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What Is Most Important When Deciding To Retire? Top 6 Factors Blog 205

5th September 2022

Paddy Delaney

Decisions in Retirement

What is most important when deciding to retire? 

The road to retirement and the decision to exit full-time employment is an undulating road. It is one that brings up many questions, concerns, and indeed many doubts for lots of people.

This is particularly so when you are fortunate to have a choice on when you actually retire. In that situation, the internal debate could actually give you a throbbing headache!

While only you can make the decision to take an early leap from the purpose and steady income of work, there are some factors that will help you clarify your questions. I hope this helps you, either now or in the future.

The Most Important Retirement Decision Factors 

When thinking about what is most important when deciding to retire, the first is pretty obvious and probably what gives everyone the biggest quandary. However, it isn’t the only consideration you should make. And while below isn’t a comprehensive list, it will get you started on your retirement planning journey. 

#1 Do You Have Enough Money To Retire? 

Having enough money to retire is probably everyone’s biggest question and concern. This is the first question you’ll ask yourself. It’s pretty important and scary to think about.

The ‘money question’ is particularly challenging for people when we are ‘in the eye of the storm’. When markets are more volatile than they usually are, your pension/investment values are fluctuating quite a lot – often making it more difficult to plan.

Secondly, when inflation is on a temporary heightened run upwards – the thought of covering increasing cost of living throws up a mental block for many people in this position.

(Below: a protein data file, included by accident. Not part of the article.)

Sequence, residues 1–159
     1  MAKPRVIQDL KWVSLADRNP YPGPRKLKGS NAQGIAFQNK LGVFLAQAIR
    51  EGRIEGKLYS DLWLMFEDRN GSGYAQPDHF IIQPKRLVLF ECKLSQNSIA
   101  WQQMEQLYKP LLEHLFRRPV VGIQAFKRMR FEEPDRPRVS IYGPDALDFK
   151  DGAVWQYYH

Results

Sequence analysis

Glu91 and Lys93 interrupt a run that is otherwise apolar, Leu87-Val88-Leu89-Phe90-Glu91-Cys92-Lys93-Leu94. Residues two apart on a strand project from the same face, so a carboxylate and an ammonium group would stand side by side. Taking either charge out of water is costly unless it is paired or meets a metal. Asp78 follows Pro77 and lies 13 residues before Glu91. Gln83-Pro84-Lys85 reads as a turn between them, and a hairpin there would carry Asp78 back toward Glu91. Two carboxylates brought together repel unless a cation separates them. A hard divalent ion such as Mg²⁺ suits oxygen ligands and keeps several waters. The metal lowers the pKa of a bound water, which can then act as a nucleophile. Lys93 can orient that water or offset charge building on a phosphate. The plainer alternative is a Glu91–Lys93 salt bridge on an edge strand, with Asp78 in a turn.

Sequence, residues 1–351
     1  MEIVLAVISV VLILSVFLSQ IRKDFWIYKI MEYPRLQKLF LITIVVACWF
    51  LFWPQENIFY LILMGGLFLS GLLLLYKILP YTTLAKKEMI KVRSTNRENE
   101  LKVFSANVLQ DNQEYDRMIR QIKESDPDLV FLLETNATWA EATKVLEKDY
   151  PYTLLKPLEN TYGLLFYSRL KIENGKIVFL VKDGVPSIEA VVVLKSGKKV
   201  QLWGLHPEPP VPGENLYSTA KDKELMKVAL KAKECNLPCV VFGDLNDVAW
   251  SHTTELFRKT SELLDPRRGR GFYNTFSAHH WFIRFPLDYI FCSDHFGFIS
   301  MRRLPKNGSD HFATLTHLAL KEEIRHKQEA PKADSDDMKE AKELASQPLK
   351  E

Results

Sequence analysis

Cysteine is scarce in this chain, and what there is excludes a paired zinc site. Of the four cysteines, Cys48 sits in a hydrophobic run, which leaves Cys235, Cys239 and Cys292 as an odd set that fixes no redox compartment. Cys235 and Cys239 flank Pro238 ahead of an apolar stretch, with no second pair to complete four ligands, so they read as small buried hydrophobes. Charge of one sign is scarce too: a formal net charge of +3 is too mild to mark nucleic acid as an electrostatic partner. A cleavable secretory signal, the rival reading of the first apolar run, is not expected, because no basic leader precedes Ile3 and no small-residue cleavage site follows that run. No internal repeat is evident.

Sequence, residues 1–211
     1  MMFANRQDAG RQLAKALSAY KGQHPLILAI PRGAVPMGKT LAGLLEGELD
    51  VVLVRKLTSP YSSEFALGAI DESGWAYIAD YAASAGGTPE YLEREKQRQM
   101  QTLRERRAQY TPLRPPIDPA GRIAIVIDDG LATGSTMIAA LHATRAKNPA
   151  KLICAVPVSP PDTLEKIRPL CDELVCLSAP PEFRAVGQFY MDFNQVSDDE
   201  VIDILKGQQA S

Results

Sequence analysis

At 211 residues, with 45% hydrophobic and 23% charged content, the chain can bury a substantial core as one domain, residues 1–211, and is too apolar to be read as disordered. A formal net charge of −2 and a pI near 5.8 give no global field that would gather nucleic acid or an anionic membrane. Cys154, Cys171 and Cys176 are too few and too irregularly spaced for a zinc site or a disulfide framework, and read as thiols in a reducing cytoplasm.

We have a blog that looks at this question in more detail – Determine If You Have Enough For Retirement: 5 Factors

However, don’t stop at this question when looking at your retirement preparation. Even if you’ve worked out that you have enough money, there are other things that will influence if you are truly ready to transition to retirement. 

So, don’t stop with the answer to your first question. There’s a lot more involved in planning to retire. 

#2 Are You Emotionally and Mentally Prepared To Retire? 

Asking yourself if you are mentally and emotionally ready to retire is something you need to tackle well in advance of making your decision. We interviewed Fritz Gilbert in Podcast 223, and he suggests the earlier, the better for most aspects! Fritz has recently retired and documents his journey on Retirement Manifesto website, worth checking out.

Not everyone takes this question as seriously as they should. It is a big change going from working 40 or more hours a week, seeing familiar faces every day, and having a purpose. 

Are you ready to let this routine and familiarity go? 

With this in mind, you may need to do some thinking about what you want your life to be in retirement. Are there any interests you want to spend more time pursuing? 

How will retirement affect your family dynamic? This isn’t about money, you will hopefully already include hobbies, travel, education, etc into your retirement budget. 

This question is about ensuring you can wholeheartedly enjoy your retirement and get the most out of your new stage of life. 

#3 Have You Tracked Spending and Made a Retirement Estimate? 

Retirement often means a change in your income. You will lose or reduce some incomes and hopefully increase or create some new ones (pensions/savings/investment incomes). It also means a change in how you spend your money. It is a good idea to work this new spending into your financial plan. 

One way to get a deep look at what to expect is to track your spending for at least a year before retiring. Stay strict with yourself and keep track of everything. When you hear that you might say ‘no thanks’ but we probably all agree that it is better to be over prepared than get caught short!